The briefs and order of Judge Cowper indicate that plaintiff and defendant testified at the hearing. However, the testimony is not in the record. There is nothing to show that Judge Cowper did not fully consider the pleadings and the evidence, pass upon the truth and falsity thereof, and find according to his conviction. It must be presumed that the court, for the purposes of the motion, resolved the crucial issues of fact against plaintiff.
The provisions of the statute with reference to the allowance of attorney fees are to enable the wife to have means to employ adequate counsel to meet her husband at the trial upon substantially even terms. The amount of the allowance is a matter for the trial judge. Fogartie v. Fogartie, 236 N.C. 188, 72 S.E.2d 226. Provision was made for counsel fees. The order entered is not a final determination and does not affect the final rights of the parties.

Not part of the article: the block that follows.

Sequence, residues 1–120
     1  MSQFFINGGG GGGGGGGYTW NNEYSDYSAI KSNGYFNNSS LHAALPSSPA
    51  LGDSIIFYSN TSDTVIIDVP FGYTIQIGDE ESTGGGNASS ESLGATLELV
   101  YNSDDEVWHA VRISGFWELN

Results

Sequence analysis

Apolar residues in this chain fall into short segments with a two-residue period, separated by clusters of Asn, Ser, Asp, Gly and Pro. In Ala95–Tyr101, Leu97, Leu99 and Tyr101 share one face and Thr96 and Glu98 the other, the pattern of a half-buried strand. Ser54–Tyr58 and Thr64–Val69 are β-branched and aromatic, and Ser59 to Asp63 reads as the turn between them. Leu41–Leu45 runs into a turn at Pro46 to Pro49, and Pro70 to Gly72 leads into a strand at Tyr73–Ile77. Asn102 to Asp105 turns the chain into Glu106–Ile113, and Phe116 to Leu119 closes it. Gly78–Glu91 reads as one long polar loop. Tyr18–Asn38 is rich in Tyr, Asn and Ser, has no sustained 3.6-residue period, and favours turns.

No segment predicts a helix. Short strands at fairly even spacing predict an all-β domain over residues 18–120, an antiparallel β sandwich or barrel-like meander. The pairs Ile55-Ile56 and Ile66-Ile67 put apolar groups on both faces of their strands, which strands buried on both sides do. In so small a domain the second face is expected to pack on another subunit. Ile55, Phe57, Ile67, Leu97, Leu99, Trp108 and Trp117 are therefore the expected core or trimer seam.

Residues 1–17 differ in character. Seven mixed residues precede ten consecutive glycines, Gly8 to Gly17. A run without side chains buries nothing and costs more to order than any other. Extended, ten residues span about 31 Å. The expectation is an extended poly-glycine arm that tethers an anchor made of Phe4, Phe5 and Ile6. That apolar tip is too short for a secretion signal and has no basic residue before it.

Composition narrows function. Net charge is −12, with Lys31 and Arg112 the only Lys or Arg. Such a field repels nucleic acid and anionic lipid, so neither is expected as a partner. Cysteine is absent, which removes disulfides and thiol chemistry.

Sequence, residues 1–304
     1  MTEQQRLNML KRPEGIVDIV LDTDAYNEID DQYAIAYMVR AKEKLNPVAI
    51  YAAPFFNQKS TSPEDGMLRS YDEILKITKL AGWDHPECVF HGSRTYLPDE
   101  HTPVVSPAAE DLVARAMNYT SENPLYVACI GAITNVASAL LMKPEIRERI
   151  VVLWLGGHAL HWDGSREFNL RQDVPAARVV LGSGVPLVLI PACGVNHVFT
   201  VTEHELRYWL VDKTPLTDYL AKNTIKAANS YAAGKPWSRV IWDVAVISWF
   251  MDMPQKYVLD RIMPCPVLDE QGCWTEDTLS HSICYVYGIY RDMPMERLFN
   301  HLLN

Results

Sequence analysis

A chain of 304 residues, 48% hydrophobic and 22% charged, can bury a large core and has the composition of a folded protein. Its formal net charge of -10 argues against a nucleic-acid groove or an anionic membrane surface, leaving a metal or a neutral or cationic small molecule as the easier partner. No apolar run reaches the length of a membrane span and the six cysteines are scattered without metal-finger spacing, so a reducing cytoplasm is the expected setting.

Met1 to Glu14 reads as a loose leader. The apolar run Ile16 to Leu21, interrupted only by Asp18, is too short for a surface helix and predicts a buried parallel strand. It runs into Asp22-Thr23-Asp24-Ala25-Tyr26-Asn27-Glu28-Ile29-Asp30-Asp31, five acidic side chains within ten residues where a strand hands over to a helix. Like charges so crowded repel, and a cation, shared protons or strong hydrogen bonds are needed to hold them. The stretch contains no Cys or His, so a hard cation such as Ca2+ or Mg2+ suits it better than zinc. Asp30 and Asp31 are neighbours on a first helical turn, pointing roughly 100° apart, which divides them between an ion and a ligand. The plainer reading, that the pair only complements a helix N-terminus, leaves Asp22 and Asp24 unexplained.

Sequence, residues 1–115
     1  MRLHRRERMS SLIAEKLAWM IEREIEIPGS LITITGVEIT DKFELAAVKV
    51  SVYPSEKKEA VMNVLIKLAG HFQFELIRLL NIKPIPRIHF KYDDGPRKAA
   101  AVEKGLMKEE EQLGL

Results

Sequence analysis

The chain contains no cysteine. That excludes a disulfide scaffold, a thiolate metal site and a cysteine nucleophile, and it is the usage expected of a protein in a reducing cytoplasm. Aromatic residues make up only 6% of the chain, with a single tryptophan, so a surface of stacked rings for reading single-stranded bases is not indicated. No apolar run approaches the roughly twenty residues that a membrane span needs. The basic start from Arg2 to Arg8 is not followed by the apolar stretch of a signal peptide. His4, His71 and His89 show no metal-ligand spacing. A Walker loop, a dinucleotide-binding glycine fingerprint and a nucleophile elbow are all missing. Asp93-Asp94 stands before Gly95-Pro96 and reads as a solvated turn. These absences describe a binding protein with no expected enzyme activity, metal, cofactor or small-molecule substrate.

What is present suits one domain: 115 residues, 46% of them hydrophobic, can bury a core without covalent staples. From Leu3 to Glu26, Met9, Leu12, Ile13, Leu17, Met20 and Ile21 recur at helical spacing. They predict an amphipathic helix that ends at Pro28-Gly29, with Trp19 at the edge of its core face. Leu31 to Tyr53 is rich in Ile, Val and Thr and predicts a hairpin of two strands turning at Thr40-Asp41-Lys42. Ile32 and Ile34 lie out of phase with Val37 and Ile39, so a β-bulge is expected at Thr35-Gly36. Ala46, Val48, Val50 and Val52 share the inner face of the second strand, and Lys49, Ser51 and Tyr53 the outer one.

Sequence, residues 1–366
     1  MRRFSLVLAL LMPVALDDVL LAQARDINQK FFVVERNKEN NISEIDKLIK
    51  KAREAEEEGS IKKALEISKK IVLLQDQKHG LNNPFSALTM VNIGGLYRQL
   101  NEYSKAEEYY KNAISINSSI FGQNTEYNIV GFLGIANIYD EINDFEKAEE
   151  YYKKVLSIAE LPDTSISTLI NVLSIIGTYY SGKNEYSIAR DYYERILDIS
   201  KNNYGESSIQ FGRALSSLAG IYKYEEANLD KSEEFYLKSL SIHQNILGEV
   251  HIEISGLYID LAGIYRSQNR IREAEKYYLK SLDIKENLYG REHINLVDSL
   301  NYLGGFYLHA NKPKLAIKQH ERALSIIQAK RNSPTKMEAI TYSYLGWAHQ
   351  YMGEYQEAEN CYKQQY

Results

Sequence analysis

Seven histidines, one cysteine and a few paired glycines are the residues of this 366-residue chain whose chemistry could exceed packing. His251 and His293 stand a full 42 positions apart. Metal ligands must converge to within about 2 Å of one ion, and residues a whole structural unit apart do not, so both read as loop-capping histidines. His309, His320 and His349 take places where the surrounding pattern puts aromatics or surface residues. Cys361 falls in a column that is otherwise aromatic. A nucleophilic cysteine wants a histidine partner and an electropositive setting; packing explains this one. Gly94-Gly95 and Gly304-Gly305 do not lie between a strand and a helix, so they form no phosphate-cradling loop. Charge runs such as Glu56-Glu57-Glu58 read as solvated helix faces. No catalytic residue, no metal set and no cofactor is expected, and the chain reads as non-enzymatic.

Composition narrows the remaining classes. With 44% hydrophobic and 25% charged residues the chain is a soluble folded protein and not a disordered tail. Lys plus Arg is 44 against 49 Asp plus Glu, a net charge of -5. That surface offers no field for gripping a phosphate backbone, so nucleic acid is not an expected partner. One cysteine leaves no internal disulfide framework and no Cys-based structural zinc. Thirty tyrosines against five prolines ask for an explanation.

The order entered below is